Swiss chard is a leafy green vegetable that comes in a rainbow of colors. This vegetable is not only beautiful but also very nutritious, with a low calorie count.
Every day, Swiss chard is becoming increasingly popular, but depending on where you are located, Swiss chard can sometimes be very difficult to find.
So, what is the best substitute for Swiss chard? The best substitutes for Swiss chard include matured spinach, mustard greens, beet greens, black kale, and collard greens. All of these substitutes have a similar taste and texture and are excellent sources of daily nutrients and low in calories.
Today, we will be looking at all the elements of Swiss chard, including its flavor, texture, preparation methods, uses, and nutrition content.
All of these elements are important to know in order to choose the correct substitute. For example, if you want a similar-looking substitute, beet greens are the best, but if you are looking for a flavor substitute, spinach is better.
Let’s get started!
Swiss Chard, also commonly referred to as just chard or rainbow chard, is classified as a leafy green vegetable.
Because it closely resembles so many leafy green vegetables, before it became popular, many cooks used to refer to it by names such as silverbeet, beet spinach, leaf beet, seakale beet, or perpetual spinach.
All of these terms actually refer to the same vegetable, swiss chard. Luckily, today we have a much better description of this delicious vegetable and it is much easier to find.
Swiss chard consists of two main parts: the blade (which refers to the large thick stem that forms the main vein), and the leaf. These two parts are often prepared separately from each other.
The blade is thick and runs in the center of the large leaf. With Swiss chard, this blade can either be a deep vibrant green, pink, purple, red, white, or yellow – this is truly one of the most beautiful vegetables you will find.
Flavor and Texture
The flavor and texture of Swiss chard closely resembles that of many other leafy greens.
The flavor of the leaves specifically might be slightly bitter to some people. Although everyone can agree that it has a much less earthy and vegetal flavor compared to greens like beet and kale.
The stem (blade), on the other hand, has a much sweeter flavor than the leaves.
Both fresh leaves and stems should have a crunchy, tender texture. If your leaves are soft, they aren’t fresh enough and should instead be used in cooked dishes.
Once cooked, both these components soften considerably and can be cooked soft enough to become a smooth purée.
Swiss chard is an extremely nutritious vegetable and extremely low in calories. That’s why most people include it in their diet, so naturally, your substitute should have similar properties if this is what you’re after.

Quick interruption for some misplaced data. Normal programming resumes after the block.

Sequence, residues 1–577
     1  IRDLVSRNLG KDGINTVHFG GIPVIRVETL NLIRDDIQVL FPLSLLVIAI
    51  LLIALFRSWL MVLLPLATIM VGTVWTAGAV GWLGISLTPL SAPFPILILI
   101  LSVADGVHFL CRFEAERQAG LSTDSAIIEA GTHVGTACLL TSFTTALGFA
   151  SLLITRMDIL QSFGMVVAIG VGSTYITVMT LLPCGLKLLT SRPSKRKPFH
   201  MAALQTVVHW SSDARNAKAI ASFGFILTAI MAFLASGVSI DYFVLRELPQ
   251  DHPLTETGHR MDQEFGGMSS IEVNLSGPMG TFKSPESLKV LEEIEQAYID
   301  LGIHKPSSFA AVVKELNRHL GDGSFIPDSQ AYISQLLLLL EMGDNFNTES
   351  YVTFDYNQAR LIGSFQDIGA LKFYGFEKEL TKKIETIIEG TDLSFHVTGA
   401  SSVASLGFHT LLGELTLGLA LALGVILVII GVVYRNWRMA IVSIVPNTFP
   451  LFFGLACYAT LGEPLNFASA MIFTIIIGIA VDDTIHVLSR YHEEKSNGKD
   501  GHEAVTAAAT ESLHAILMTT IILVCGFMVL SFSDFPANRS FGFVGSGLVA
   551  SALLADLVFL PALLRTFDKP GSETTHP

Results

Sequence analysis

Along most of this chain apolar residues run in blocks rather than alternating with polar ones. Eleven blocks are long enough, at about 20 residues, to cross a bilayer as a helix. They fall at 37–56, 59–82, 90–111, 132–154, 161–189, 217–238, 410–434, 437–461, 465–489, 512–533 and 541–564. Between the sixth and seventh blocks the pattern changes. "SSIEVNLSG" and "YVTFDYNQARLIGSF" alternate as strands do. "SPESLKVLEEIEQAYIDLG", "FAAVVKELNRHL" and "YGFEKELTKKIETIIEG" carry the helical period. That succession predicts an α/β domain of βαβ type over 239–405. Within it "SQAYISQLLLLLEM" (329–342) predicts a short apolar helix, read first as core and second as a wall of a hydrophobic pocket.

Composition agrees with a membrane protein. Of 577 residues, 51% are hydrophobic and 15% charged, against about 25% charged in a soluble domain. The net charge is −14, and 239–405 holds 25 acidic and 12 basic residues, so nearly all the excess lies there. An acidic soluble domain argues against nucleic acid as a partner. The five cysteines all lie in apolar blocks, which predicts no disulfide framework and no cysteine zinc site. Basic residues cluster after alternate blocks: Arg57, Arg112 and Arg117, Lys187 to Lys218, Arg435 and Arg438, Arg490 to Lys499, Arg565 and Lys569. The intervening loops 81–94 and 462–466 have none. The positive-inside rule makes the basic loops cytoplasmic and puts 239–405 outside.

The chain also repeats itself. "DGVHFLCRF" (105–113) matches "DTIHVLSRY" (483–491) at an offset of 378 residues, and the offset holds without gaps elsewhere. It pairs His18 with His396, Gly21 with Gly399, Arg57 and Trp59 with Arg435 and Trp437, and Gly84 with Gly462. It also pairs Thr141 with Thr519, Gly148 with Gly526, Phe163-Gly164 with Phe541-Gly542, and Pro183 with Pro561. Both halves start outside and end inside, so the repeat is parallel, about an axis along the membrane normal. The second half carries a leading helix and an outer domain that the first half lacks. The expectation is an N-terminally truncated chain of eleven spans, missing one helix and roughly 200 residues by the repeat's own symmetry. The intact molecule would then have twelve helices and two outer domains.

Only a small amount of Swiss chard (about 1 cup) contains enough vitamin A, K, and C to fulfill your daily recommended intake. However, the same cup of chard only has 7 calories!
It is also extremely high in minerals such as calcium, copper, zinc, magnesium, sodium, and phosphorus.
All these different vitamins and minerals mean it has a ton of antioxidants, is packed with fiber, has components that are beneficial for heart health, helps lower blood pressure, and may help promote weight loss.
Nutritional Contents of Swiss Chard (1 cup, uncooked)
|Calcium||18 mg (milligrams)|
|Vitamin C||10.8 mg|
|Vitamin A||2201.76 IU|
|Vitamin E||0.68 mg|
|Vitamin K||268 mcg|
These are only a few of many important health benefits!
If you are using Swiss chard for any of these benefits, make sure to choose a substitute that will still fulfill that specific need.
How to Prepare Swiss Chard
The most common way Swiss chard is prepared is by cutting out the blade (stem) of the large leaf.
Run a sharp knife along both sides of the large stem, all the way to the top. Remove the stem and cut it into the desired sizes. The leaf can also be cut into smaller sizes.
The size of the pieces will depend on the uses. If you are making a soup or smoothie, the pieces don’t have to be as small, but if you are using it fresh in a salad, you may want to cut it into easy-to-eat or bite-sized pieces.
The main reason people include Swiss chard in their diet is for the nutritional benefits it provides.
Swiss chard can either be consumed raw, cooked, or blended (like in a smoothie or soup). What makes this leafy vegetable so amazing is the many ways it can be prepared.
Here are some delicious ideas for Swiss chard:
- Garlic and herb sautéed Swiss chard
- Creamed Swiss chard with bacon
- Swiss chard stir fry
- Butternut and Swiss chard bake
- Swiss chard and caramelized onions frittata (or quiche!)
- Open-faced sandwich with Swiss chard, poached eggs, and a mustard-mayo sauce
The best way to cook this leafy vegetable is to steam it. This way, it retains most of its nutrients and its fresh color. Swiss chard can also be blanched, sautéed, braised, or roasted with other vegetables. Some people have even deep-fried it!
The Best Substitutes for Swiss Chard
Below is our ultimate list of Swiss chard substitutes and alternatives. Some of these are easier to find than others, however all of these are interchangeable and equally delicious and nutritious!
In our opinion, spinach is the closest substitute to Swiss Chard, however, only mature spinach (the ones that also have the large leaf and thick blade).
Spinach leaves are also slightly bitter, while the stems are slightly sweet, and unlike most other leafy vegetables, spinach and Swiss chard don’t have that earthy flavor.
Mature spinach can be prepared in exactly the same way Swiss chard can and makes a flawless, barely noticeable, substitute. You can cut out the center stem and use both the leaves and stems in recipes.